ProAc Response 3.8 loudspeaker Measurements
Larry Greenhill observed that the ProAc 3.8 didn't sound as sensitive as he was expecting from its 88dB sensitivity specification and my own (B-weighted) estimate of 84.5dB/2.83V/m. While this is below average, the 3.8's impedance plot (fig.1) revealed it to be an easy load for the partnering amplifier to drive. The amplitude drops below 8 ohms only briefly in the upper bass and mid-treble, and the electrical phase angle is also low.
Fig.1 ProAc Response 3.8, electrical impedance (solid) and phase (dashed). (2 ohms/vertical div.)
Note, however, the slight discontinuity in the impedance traces in the 150Hz region, which implies the existence of some kind of cabinet resonance. Investigating the panel's vibrational behavior with a simple accelerometer revealed that what resonant modes did exist (fig.2) were high enough in frequency to have only minimal subjective consequences.
Fig.2 ProAc Response 3.8, cumulative spectral-decay plot of accelerometer output fastened to side wall. (MLS driving voltage to speaker, 7.55V; measurement bandwidth, 2kHz.)
However, the upper of the two ports did have a peak in its output at this frequency (fig.3), so it is probable that this correlates with the slight impedance anomaly. Fig.3 also shows that the lower port is better behaved in this respect, and that the twin woofers peak quite sharply in the 50Hz region. Not shown in this graph is the fact that, whereas the upper woofer extends out to the upper crossover point, the lower woofer starts to roll off above 300Hz, being 6dB down an octave higher. This gives a bass alignment that gently slopes down with increasing frequency.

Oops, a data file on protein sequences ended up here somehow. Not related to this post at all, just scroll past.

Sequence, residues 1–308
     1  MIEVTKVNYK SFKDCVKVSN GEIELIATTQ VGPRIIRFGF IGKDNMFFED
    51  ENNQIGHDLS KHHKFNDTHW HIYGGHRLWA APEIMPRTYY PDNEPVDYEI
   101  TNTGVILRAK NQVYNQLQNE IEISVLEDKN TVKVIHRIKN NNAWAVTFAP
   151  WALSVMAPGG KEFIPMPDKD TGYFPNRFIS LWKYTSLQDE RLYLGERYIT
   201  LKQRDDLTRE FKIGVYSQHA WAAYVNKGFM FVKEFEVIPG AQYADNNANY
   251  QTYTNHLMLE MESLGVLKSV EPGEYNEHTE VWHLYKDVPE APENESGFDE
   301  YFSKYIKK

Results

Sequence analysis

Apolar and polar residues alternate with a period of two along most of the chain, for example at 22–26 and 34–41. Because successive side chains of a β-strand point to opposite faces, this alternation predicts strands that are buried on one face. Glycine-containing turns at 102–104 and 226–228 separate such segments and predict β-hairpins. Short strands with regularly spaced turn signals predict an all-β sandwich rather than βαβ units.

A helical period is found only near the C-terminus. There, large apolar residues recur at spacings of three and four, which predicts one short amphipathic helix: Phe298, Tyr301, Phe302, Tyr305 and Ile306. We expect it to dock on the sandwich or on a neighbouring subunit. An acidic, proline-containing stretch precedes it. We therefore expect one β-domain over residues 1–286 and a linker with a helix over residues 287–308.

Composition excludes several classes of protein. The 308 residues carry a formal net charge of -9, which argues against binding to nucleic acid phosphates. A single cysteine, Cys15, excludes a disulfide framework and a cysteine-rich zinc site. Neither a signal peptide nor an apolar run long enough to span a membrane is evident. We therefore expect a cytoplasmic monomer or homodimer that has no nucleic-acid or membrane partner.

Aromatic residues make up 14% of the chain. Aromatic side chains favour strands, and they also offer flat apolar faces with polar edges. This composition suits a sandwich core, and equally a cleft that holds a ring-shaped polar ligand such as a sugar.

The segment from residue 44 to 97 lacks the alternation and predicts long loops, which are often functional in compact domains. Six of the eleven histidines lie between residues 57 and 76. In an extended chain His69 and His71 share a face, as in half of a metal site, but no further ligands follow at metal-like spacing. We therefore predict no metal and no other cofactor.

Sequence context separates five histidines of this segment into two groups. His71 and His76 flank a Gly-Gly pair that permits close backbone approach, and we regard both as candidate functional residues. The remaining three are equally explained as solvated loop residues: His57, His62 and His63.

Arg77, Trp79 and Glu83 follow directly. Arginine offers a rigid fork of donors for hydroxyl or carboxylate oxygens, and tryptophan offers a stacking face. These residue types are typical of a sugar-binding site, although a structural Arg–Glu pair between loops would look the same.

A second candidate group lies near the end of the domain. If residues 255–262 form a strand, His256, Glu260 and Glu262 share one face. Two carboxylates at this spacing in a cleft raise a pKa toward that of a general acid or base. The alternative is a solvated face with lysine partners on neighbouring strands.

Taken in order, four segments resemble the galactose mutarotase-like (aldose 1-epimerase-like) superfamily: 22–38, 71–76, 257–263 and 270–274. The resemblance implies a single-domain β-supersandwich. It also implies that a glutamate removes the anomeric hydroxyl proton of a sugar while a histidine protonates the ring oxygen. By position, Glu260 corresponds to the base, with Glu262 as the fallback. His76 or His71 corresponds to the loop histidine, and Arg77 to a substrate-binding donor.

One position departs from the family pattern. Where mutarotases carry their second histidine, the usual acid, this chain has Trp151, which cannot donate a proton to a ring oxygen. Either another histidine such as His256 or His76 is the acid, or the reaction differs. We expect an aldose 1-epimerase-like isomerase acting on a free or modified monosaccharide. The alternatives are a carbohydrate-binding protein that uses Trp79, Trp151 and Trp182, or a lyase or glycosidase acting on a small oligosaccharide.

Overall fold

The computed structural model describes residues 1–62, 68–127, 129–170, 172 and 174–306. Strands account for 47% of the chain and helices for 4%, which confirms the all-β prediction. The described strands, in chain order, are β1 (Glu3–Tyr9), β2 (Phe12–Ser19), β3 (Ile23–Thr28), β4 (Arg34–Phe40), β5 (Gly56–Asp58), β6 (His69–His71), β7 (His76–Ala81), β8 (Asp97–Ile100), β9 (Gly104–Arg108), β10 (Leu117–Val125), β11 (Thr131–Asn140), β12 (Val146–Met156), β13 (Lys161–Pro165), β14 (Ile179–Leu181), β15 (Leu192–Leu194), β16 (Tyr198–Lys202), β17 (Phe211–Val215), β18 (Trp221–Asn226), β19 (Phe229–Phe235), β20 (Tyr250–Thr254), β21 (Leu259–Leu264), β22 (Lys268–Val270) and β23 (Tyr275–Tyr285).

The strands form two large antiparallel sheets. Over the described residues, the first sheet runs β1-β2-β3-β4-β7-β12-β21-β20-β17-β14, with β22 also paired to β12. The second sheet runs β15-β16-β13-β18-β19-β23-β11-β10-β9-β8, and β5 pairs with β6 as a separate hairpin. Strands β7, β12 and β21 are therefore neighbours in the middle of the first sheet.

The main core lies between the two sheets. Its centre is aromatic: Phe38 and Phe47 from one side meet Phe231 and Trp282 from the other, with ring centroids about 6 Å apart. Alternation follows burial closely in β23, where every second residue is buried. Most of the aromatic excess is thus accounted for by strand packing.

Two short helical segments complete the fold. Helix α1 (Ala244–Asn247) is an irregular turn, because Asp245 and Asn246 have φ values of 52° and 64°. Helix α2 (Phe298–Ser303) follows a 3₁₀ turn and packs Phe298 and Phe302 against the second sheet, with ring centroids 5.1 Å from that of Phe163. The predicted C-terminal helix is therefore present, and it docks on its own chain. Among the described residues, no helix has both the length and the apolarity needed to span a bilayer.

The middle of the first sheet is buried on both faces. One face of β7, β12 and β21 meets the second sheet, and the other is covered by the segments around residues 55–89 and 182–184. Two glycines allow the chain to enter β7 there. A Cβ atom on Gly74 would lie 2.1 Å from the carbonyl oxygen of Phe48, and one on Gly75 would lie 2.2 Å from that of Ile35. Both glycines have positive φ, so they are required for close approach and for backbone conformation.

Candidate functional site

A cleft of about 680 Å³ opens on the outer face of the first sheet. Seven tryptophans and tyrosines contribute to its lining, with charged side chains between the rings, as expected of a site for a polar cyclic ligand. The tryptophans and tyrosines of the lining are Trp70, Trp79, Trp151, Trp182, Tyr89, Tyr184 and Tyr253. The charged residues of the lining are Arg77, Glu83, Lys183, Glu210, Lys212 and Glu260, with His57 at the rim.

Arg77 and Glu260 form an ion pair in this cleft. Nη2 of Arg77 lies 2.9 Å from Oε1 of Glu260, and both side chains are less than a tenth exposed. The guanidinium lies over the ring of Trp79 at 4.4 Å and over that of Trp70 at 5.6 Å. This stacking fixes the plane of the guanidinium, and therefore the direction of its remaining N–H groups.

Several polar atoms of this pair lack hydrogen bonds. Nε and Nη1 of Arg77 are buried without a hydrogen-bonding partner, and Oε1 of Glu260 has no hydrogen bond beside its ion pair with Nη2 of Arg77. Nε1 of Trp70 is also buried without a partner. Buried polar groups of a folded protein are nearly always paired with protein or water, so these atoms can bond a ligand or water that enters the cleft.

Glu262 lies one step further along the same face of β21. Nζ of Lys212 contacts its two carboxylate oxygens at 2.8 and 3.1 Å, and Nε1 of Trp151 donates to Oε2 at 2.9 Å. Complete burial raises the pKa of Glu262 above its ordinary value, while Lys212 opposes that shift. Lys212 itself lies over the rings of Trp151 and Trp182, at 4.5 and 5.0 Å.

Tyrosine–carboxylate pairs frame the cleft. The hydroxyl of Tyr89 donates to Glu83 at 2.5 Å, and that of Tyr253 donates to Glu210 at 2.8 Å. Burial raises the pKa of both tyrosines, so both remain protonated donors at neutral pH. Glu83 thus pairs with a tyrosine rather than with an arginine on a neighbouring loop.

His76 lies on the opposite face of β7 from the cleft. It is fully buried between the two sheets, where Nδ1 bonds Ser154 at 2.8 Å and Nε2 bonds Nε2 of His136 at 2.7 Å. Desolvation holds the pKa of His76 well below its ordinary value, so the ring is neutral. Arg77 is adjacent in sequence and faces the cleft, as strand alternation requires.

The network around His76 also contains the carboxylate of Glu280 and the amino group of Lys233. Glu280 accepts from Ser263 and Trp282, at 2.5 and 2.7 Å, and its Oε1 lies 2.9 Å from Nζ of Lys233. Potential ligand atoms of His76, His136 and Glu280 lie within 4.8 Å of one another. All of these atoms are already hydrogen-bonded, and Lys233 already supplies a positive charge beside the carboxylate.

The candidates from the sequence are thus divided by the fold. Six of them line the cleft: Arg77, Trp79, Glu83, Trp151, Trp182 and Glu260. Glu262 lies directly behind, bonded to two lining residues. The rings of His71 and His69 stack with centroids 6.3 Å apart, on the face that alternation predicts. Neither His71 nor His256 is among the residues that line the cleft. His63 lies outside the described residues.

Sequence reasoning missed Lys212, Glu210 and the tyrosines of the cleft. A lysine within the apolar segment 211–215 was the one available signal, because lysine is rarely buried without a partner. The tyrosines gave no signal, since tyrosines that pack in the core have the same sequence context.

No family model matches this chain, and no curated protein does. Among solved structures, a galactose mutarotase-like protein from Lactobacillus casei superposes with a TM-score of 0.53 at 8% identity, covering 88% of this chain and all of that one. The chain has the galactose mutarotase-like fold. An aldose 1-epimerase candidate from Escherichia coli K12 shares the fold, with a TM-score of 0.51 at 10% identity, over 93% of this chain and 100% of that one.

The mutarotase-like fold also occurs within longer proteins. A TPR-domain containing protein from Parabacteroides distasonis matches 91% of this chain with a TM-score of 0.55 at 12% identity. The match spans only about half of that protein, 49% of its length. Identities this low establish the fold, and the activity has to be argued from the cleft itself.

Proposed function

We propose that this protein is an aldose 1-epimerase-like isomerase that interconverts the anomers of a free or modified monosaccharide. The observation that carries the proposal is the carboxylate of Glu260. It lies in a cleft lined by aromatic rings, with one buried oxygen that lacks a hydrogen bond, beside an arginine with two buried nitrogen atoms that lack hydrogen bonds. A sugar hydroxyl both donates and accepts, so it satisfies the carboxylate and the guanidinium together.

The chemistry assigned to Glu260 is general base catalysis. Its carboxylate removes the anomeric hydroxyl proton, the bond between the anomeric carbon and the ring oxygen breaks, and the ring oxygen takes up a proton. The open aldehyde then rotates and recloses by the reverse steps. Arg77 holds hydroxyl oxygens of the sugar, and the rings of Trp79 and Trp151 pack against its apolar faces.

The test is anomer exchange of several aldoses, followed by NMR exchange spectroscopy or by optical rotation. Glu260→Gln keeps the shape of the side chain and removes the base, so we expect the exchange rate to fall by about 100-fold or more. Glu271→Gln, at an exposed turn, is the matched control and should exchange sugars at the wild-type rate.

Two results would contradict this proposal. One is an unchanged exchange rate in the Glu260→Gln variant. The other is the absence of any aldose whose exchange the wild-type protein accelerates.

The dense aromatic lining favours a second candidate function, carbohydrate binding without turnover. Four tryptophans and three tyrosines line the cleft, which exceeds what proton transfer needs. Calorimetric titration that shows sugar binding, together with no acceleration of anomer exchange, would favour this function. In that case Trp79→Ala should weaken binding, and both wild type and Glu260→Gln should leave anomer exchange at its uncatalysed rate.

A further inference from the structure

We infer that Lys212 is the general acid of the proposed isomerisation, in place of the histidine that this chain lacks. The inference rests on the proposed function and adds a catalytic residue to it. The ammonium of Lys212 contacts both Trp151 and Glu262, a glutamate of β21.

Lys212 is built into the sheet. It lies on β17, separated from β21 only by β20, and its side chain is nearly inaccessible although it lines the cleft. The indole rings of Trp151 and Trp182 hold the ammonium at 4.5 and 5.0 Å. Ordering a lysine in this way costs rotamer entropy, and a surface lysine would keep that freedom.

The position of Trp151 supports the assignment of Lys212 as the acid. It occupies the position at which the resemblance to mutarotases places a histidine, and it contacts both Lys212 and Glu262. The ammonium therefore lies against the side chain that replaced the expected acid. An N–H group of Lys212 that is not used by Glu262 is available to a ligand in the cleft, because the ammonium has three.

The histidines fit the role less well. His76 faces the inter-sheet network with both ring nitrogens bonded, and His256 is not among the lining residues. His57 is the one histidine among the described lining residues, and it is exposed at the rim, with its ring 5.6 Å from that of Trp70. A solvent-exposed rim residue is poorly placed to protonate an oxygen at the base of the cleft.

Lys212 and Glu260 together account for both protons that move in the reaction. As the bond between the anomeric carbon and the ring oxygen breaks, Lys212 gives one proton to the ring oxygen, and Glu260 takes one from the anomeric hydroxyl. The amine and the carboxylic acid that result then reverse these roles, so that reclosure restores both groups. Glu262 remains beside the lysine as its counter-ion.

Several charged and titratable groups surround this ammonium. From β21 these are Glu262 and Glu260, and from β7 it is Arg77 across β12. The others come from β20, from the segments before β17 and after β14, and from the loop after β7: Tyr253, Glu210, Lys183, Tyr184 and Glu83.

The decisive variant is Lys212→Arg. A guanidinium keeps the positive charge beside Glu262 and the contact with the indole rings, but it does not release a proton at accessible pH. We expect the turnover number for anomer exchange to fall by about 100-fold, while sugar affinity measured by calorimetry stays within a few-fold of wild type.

Fig.3 ProAc Response 3.8, acoustic crossover on tweeter axis, corrected for microphone response, with sum of nearfield woofer and upper and lower port responses plotted below 400Hz.
To the right of fig.3 are shown the upper-frequency responses of the upper midwoofer and the tweeter. The crossover appears to be set at 2.5kHz, with symmetrical acoustic slopes. The tweeter has a gently rising on-axis response all the way to 30kHz, but it is very directional above 15kHz. This results in a more or less flat response when averaged across a 30 degrees horizontal window (fig.4). In fact, the ProAc's midrange and treble regions are both quite flat; only an excess of midbass energy—this resulting from the coincidence of the woofers' and ports' outputs in the 50Hz region—breaks the speaker's otherwise excellent measured performance. But it is likely that careful positioning in the listening room can compensate for this bass behavior.
Fig.4 ProAc Response 3.8, anechoic response on upper-midrange tweeter axis at 50", averaged across 30 degrees horizontal window and corrected for microphone response, with the complex sum of the nearfield woofer and port responses plotted below 400Hz.